Updates February 2016
We would like to announce a new bunch of updates for NS 6:
- Web filter antivirus whitelist: all domains added to the global whitelist are now also excluded from antivirus scan
- Line quality monitor for multiWAN: if nethserver-collectd is installed and multiWAN is configured, the system will automatically create new graphs based on line quality for each configured provider (graphs will be visible only using nethserver-collectd-web)
- SOGo has been updated to 2.3.8 release, which includes a new button for SPAM reporting (thanks to @mark_nl)
- Fixes on DHCP server (see: http://dev.nethserver.org/issues/3353 )
- ClamAV has been updated to 0.99 release along with antispam signatures
- Updated language pack (thanks to @Linux4All for fixes German translation)
- Dashboard now correctly reports last antivirus signature update
- IPSec tunnels are now supported on PPPoE red interfaces
- Mail server and mail filter minor tweaks (see: http://dev.nethserver.org/issues/3348 and http://dev.nethserver.org/issues/3347)
Let’s Encrypt is ready for testing!
The Let’s Encrypt Client is a fully-featured, extensible client for the Let’s Encrypt CA (or any other CA that speaks the ACME protocol) that can automate the tasks of obtaining certificates and configuring webservers to use them.
The Let’s Encrypt Client is BETA SOFTWARE. It contains plenty of bugs and rough edges, and should be tested thoroughly in staging environments before use on production systems.
We are trying to integrate Let’s Encrypt inside NethServer: NS 6 will have a partial support without a web interface ( http://dev.nethserver.org/issues/3355 ), but we are developing a fully-featured integration for NS 7.
We need your support to design a good experience for the end user, so please test it and share your opinion!
Prerequisites for testing:
- the server must be reachable from outside at port 80 (make sure your port 80 is open to the public Internet, you can check with sites like http://www.canyouseeme.org/)
- the server must have at least one public domain name associated to its own public IP
(make sure you have a public DNS name pointing to your server, you can check with sites like http://viewdns.info/)
When Let’s Encrypt is enabled, the system will create and automatically renew:
- one certificate for server FQDN
- all enabled server alias will be added as SAN (https://en.wikipedia.org/wiki/SubjectAltName) to the FQDN certificate
- one certificate for each domain enabled inside the certificates database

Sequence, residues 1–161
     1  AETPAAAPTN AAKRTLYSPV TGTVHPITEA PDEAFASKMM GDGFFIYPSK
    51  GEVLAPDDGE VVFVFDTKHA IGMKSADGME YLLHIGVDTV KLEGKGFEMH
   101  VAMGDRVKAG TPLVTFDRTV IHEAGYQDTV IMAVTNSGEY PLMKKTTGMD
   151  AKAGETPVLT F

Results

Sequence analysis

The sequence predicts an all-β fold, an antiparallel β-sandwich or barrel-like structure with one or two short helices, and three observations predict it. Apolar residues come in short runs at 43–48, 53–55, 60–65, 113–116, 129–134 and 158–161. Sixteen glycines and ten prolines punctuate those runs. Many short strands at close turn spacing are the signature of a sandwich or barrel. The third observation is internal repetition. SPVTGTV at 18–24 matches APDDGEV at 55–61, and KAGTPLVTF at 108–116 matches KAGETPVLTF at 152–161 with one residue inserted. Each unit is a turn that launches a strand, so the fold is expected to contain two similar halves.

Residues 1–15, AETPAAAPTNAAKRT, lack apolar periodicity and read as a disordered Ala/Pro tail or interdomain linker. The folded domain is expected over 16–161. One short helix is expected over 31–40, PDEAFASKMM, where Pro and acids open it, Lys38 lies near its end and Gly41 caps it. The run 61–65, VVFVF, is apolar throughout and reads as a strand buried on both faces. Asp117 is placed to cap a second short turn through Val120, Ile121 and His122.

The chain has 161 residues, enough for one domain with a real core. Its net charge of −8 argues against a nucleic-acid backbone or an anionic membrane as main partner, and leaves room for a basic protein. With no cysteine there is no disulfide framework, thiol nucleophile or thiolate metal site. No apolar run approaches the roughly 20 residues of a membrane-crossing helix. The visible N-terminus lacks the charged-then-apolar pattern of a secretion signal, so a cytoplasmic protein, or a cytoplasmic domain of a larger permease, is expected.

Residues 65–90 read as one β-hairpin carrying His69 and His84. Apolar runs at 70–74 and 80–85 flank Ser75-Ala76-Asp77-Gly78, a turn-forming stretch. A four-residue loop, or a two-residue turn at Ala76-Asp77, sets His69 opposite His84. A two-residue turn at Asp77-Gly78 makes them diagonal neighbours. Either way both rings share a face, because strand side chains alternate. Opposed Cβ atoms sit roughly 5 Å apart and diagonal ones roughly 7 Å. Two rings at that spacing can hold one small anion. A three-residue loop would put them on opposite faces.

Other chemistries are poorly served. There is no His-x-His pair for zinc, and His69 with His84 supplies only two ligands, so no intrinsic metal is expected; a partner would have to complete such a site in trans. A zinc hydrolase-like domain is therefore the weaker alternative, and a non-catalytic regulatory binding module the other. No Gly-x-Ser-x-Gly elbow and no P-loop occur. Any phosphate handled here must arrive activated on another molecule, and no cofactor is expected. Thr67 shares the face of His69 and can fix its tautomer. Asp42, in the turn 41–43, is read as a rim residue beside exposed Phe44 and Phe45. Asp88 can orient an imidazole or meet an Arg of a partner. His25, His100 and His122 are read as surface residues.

Install the packages from testing repository:
yum --enablerepo=nethserver-testing install nethserver-base nethserver-httpd
To globally enable Let’s Encrypt:
config setprop pki LetsEncrypt enabled
Step 2 (optional)
Create a server alias inside the DNS page, then enable Let’s Encrypt on server alias:
db hosts setprop alias.mydomain.com LetsEncrypt enabled
Step 3 (optional, but recommended)
Since you can request the certificate maximum 5 times per week, let’s make sure the configuration is correct by requesting a fake certificate. Execute:
/usr/libexec/nethserver/letsencrypt-certs -v -t
The output should be:
This command will try to generate a fake certificate using Let’s Encrypt server. If everything goes well, the output should be something like this:
INFO: Using main config file /tmp/3XhzEPg7Dt
- Generating account key…
- Registering account key with letsencrypt…
- Signing domains…
- Creating new directory /etc/letsencrypt.sh/certs/test1.neth.eu …
- Generating private key…
- Generating signing request…
- Requesting challenge for test1.neth.eu…
- Responding to challenge for test1.neth.eu…
- Challenge is valid!
- Requesting certificate…
- Checking certificate…
- Creating fullchain.pem…
Executing certificate-update event…
Verify the presented certificate has been signed by Let’s Encrypt CA on all SSL-enabled services like:
If something goes wrong, please make sure all requisites are met! If all requisites are met, but something still doesn’t work, feel free to request support here.
If you followed step 3, first clean up you system by removing staging certificate and account:
rm -rf /etc/letsencrypt.sh/certs/ rm -f /etc/letsencrypt.sh/private_key.pem
Execute the following script against the real Let’s Encrypt server:
Done! Access your http server and check you’r certificate is valid.
The certificate will be automatically renewed.
You can customize the following options by using
LetsEncryptMail: if set, Let’s Encrypt will send notification about your certificate to this mail address (this must be set before executing the l
etsencrypt-certsscript for the first time!)
LetsEncryptRenewDays: minimum days before expiration to automatically renew certificate (default: 30)
config setprop pki LetsEncryptMail firstname.lastname@example.org